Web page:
Down in Washington, a bunch of Congressmen who lost their jobs and bunch of others taking lobbying money under the table for a piece of the bailout fund, are drawing and quartering the SEC.The actions are deserved. The agency never did catch Madoff, even though they visited with him several times. The SEC also helped set up the rules that allowed bank holding companies to increase leverage by using capital from their operating subsidiaries. That leverage nearly caused the ruin of the industry.
The other side of the picture is that the SEC has been walking up the Hill to Congress for years saying it did not have the staff or budget to do its job.
The agency did chase a lot of cases down blind alleys. The stock option witch hunt bagged a couple of executives who used grants to make themselves a lot of money. Of the hundred plus firms that were investigated for the practice, most walked away clean.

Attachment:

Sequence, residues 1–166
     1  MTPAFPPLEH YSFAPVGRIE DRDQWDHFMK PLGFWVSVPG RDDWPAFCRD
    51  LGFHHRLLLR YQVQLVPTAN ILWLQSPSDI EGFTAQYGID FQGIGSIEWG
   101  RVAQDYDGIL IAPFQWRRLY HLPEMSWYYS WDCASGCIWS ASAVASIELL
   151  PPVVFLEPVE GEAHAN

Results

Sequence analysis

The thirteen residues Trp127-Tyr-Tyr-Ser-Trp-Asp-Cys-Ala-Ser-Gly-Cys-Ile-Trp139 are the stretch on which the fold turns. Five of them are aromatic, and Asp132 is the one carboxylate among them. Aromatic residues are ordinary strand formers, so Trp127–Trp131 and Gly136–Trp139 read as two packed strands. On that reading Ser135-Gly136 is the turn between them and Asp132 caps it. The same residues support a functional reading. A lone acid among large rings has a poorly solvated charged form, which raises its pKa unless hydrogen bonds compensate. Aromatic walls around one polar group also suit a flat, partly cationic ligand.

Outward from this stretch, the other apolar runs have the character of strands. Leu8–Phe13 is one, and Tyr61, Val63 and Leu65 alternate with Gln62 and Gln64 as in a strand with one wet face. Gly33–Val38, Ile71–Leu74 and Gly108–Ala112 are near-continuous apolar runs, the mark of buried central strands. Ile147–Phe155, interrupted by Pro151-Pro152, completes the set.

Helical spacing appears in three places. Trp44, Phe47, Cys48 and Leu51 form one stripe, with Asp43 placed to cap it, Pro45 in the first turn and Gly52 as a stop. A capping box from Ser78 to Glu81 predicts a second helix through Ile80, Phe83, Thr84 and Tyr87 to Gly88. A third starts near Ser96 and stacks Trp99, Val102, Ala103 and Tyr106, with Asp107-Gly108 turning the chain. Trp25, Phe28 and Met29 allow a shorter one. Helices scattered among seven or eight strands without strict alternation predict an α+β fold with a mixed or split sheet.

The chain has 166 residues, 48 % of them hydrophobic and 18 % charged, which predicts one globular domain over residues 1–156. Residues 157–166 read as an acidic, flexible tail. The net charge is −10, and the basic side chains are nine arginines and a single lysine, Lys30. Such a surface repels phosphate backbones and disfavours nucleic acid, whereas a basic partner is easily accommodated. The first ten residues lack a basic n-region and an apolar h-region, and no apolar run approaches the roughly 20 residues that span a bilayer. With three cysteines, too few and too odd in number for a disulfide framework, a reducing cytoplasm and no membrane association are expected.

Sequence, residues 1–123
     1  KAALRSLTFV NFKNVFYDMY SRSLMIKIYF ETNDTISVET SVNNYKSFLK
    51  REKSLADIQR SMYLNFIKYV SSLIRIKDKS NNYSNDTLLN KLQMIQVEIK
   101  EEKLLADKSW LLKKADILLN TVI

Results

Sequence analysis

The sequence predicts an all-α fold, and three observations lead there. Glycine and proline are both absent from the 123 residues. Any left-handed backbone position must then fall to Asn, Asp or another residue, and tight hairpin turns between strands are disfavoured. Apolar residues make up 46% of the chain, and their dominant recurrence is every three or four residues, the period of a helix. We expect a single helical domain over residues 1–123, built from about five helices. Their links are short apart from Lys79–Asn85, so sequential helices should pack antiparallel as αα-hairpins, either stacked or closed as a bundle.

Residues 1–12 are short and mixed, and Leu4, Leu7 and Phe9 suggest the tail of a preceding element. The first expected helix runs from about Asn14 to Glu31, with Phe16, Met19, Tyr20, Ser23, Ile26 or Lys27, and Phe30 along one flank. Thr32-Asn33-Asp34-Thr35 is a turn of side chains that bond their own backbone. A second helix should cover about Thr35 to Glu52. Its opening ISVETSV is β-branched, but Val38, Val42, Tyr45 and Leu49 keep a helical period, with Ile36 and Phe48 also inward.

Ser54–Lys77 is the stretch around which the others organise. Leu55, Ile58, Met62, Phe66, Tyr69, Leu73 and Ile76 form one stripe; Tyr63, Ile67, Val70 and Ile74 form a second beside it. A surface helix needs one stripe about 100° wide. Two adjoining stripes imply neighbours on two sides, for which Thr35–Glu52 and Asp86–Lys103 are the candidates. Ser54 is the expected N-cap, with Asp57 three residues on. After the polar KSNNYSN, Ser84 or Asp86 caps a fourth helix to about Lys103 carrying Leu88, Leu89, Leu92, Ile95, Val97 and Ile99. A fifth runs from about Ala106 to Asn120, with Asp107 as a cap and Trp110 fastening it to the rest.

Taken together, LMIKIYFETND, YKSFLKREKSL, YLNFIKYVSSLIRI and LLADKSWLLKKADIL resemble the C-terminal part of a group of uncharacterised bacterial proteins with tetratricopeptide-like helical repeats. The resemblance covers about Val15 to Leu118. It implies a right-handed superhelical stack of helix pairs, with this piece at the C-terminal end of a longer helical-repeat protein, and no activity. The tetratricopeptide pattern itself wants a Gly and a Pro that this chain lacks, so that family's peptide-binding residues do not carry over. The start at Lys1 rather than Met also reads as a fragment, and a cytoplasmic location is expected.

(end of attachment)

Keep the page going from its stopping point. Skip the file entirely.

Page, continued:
The SEC also got the task of looking into short selling. It banned the practice for financial shares for a bit. That did not stop Merrill Lynch from being sold to Bank of America (BAC) or Citigroup (C) being forced to take a huge bailout. Those things probably weren’t so bad, and may have happened any way.
The SEC still have the onerous job of reviewing every public company filing. In many cases, the more complex submissions have to be read and sent back to the firms for changes. Then those changes have to be reviewed. That process can go in circles for several rotations.
The agency also has the privilege of reviewing changes in financial procedures like "mark to market accounting" for banks and oil and gas company reporting requirements.
The SEC handles about 600 enforcement cases a year which run from insider trading to delinquent public company filings. By most counts, the agency has less than 4,000 employees, and that has dropped over the last few years.
Debating that the SEC did not mishandle the Madoff case is nearly impossible. Arguing the the SEC has too many mandates and too few people is at least reasonable.
You get what you pay for.
Douglas A. McIntyre